The group that Clement inherited on his appointment last month was built in Beale’s name and Beale’s image. As the accounts for RIFC plc showed in recent days, it was assembled at considerable cost and questions over the strategy and the value for money are certainly pertinent as part of the post-mortem into Beale’s tenure and analysis of where Rangers find themselves right now.

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It is more important to look forward than look back at Ibrox. That has been the focus for Clement over the last few weeks and a blueprint for the January transfer window is being formulated. Clement is a very different man and manager to Beale, but his first period of wheeling and dealing could be broadly similar in outcome and the approach – almost one of mend it and make do – that was utilised in the first month of 2023 could be rekindled once the Bells have rung.

Beale spent the second half of last term discussing the changes that were going to be forthcoming as he sought to put his stamp on the group that Giovanni van Bronckhorst had left behind. In the end, significant sums were spent on Danilo, Dessers and Lammers as nine players were signed.

His first window was relatively low-key by comparison. Todd Cantwell arrived from Norwich City three weeks after Rangers were able to do business, while Nicolas Raskin put pen-to-paper on a protracted switch with just hours to spare.

The acquisition of the midfielder from Standard Liege addressed a key weakness within the Rangers squad. Raskin had, Beale stated, been tracked 'for a long time' and he fitted the profile as a player that could make an immediate impact as well as one who could potentially have resale value further down the line.

Cantwell ticked those latter boxes, too. A creative influence with his skillset was not necessarily a priority at that stage but he was always going to be required in the longer term. When the deal was there to be done, it made football and financial sense for Rangers to move promptly.

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Clement cannot solely prioritise signings for the here and now or only recruit those who will make an impression in seasons to come. He faces a balancing act as he deliberates over how to spend the budget that he is given by the Ibrox board. The quantum of that budget will, of course, not be made known to the wider world but it is hard to envisage the 49-year-old being given many millions to spend during a period that is notoriously difficult to do business in given the nature of the players available and the positions that clubs find themselves in. Loan moves, perhaps with an option to buy, could make more sense all around.

“Philippe will make an assessment on the squad to identify how we increase performance and improve results and Philippe will give an assessment to the board where he sees the strengths and weaknesses,” Bisgrove said on the same day that Clement addressed his transfer policy for the first time. “I believe the board and investors will be receptive to his feedback in terms of the improvements required. Clearly, there has been investments this summer, but the standard and the bar here is very high. We want to win silverware. Philippe is here for that, that’s why he’s picked Rangers over possibly other options.”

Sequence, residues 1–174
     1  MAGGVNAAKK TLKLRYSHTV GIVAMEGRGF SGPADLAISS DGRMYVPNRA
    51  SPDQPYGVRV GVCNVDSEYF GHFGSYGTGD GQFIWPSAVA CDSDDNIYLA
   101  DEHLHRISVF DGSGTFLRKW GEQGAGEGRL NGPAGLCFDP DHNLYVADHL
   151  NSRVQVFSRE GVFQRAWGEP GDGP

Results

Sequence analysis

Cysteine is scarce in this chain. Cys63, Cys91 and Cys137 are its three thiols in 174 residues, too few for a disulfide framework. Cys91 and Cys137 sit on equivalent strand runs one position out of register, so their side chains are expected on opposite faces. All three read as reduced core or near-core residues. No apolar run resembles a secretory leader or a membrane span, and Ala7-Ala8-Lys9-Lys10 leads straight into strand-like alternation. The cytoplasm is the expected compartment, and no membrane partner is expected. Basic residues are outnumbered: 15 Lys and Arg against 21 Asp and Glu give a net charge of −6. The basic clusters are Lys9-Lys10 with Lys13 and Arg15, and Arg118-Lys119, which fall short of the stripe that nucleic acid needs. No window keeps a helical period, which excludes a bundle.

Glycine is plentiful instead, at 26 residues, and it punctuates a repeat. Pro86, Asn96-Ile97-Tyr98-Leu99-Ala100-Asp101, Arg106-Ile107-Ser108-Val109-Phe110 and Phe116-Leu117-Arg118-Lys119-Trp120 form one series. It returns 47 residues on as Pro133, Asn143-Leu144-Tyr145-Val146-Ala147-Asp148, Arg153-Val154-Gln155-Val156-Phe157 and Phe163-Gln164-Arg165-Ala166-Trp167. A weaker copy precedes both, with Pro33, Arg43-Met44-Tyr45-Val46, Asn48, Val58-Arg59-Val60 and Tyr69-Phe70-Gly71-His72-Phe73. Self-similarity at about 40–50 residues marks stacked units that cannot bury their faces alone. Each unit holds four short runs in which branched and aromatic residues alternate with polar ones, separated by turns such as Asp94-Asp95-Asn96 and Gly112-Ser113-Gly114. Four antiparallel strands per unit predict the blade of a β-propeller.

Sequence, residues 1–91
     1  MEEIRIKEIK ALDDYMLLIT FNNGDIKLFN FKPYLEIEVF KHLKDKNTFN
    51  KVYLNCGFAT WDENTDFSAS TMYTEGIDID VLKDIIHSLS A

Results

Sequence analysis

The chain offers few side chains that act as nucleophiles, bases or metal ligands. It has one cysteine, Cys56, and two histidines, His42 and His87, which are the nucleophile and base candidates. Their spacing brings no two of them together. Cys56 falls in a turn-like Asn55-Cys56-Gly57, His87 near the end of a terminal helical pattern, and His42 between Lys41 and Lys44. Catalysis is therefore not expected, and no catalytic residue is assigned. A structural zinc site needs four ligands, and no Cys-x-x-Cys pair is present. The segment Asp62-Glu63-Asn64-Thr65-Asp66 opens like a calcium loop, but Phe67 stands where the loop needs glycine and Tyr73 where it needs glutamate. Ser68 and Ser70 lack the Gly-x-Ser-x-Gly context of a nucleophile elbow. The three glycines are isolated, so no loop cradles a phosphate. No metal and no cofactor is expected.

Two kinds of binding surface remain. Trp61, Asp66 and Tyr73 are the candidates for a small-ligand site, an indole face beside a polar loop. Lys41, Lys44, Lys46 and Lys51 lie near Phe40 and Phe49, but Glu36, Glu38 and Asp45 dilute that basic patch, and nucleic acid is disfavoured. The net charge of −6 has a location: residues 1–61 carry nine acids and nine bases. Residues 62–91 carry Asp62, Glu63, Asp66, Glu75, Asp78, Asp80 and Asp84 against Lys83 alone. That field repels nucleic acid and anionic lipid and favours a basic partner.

That bar will need to be raised once again. Clement will be given the means to do that with his recruitment strategy but his ability to improve players through coaching and man-management will be just as important as his eye for a signing. The relationship with the incoming technical director and the terms that he works under, as set by the board, will determine how much say Clement has on every facet of the transfer window.

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The requirement for Rangers to improve their strike rate in terms of signings was made clear by Bennett in his chairman’s report. The model of buy low, win and sell high cannot remain a soundbite and a hope, it must become the fourth pillar of Rangers as a successful business and successful team.

“Player trading will always be inherently volatile, yet Rangers must replace sporadic ‘wins’ with systematic success,” Bennett said. “It is a given that it all begins with player recruitment. This is an area of priority for your Board, and we anticipate that the coming months will see a strengthening in the leadership and processes of our football department, specifically with this in mind.”

The debates and discussions will soon revolve around transfers once again. Clement will differ from Beale in many ways, but it is his record on the park and in the market where Rangers must see the biggest shift following another change in philosophy and personnel.